Caitlin Gallagher
August 31, 2017 3:25 pm

Taylor Swift has received a lot of praise — and a lot of criticism — since she released the music video for her new song, “Look What You Made Me Do.” Though she’s no stranger to scrutiny (as she addresses in the song and video), the director of “Look What You Made Me Do” is not letting the singer go undefended. Director Joseph Kahn has been using his Twitter account to stand by Swift, and that includes calling out what he thinks is a double standard when it comes to female creators.

As the director of the music videos for “Blank Space,” “Bad Blood,” “Wildest Dreams,” and “Out of the Woods,” Kahn frequently collaborates with — and defends — Swift. And on August 30th, he tweeted about gender equality, regarding how people have been responding to “Look What You Made Me Do,” when he wrote:

“If I plan something as a man I’m a ‘genius.’ If Taylor as a woman plans something she is ‘manipulative.’ Double standards. This is wrong.”

With Swift embracing snake imagery in “Look What You Made Me Do,” presumably as a way to reclaim the snake emoji after Kim Kardashian allegedly used it against her, it’s interesting that Kahn is addressing the fact that people are calling Swift “manipulative.” Swift has often been accused of being calculating and playing the victim — now more than ever before since the release of “Look What You Made Me Do.”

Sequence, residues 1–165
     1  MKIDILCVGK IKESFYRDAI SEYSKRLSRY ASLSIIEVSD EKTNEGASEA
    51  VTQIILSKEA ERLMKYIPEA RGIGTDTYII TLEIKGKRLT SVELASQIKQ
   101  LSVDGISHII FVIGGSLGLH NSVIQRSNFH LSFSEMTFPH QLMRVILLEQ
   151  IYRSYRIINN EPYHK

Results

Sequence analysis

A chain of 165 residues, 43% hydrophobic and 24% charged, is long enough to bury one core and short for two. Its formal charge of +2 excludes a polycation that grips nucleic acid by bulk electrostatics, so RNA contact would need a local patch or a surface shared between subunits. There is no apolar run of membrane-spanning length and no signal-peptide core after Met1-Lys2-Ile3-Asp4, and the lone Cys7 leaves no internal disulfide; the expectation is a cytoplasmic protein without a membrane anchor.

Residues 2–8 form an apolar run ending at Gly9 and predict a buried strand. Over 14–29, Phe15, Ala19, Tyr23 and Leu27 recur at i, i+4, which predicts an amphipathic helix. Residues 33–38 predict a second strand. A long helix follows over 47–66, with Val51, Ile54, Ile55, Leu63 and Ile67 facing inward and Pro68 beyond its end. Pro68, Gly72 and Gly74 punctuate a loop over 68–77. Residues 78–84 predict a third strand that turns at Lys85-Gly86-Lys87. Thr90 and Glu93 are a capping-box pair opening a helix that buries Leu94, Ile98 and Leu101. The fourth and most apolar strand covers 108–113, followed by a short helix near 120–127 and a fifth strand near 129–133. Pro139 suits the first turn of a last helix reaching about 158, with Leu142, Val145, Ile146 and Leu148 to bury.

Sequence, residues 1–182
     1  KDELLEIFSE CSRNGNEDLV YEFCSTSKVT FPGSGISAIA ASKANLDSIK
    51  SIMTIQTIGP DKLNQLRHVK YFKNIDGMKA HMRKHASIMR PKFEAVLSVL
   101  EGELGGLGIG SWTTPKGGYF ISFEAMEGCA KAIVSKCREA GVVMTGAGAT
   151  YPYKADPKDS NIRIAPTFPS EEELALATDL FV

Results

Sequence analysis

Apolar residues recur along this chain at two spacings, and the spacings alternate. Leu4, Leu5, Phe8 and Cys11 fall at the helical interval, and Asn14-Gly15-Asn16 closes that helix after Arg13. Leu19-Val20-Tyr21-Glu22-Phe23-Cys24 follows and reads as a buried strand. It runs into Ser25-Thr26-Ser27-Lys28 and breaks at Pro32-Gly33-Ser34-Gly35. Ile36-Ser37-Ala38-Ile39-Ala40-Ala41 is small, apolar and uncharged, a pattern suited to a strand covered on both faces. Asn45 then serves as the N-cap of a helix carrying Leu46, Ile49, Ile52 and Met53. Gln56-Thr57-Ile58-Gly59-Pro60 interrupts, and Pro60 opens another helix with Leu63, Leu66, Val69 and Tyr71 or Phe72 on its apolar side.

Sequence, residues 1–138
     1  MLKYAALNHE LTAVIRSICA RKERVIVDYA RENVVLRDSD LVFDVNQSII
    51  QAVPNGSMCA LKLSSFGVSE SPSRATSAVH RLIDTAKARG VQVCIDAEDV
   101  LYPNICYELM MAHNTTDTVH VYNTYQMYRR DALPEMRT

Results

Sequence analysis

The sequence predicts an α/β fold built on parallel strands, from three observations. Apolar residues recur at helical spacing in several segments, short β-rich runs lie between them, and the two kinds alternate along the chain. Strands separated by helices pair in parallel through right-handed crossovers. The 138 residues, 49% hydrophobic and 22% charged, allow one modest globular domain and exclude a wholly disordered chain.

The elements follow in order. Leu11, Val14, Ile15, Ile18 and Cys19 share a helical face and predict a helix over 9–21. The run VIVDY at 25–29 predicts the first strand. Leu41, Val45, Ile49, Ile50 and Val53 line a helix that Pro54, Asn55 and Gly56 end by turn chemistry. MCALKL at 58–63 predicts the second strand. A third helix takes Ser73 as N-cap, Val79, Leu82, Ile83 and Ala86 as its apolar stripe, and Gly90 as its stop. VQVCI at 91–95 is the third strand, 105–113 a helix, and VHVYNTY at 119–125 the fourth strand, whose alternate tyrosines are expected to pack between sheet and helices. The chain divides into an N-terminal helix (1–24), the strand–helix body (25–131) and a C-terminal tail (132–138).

Kahn is absolutely right that a woman shouldn’t be judged for making conscious, creative decisions when it comes to her art. But when those decisions are calling out other celebrities she has feuds with, well, that does alter the situation just a little bit. Because it’s one thing to call a woman “manipulative” for something you’d praise a man for and quite another to criticize an artist of any gender for a music video that is intentionally serving the specific purpose of throwing shade.

To be fair, Swift is also mocking herself in “Look What You Made Me Do.” And while she’s busy doing that in the music video, Kahn is busy on Twitter commending his collaborator.

Ultimately, Kahn will not let Swift get attacked for what he perceives as misogyny — no matter what anybody else says about her, Swift’s director will always have her back.

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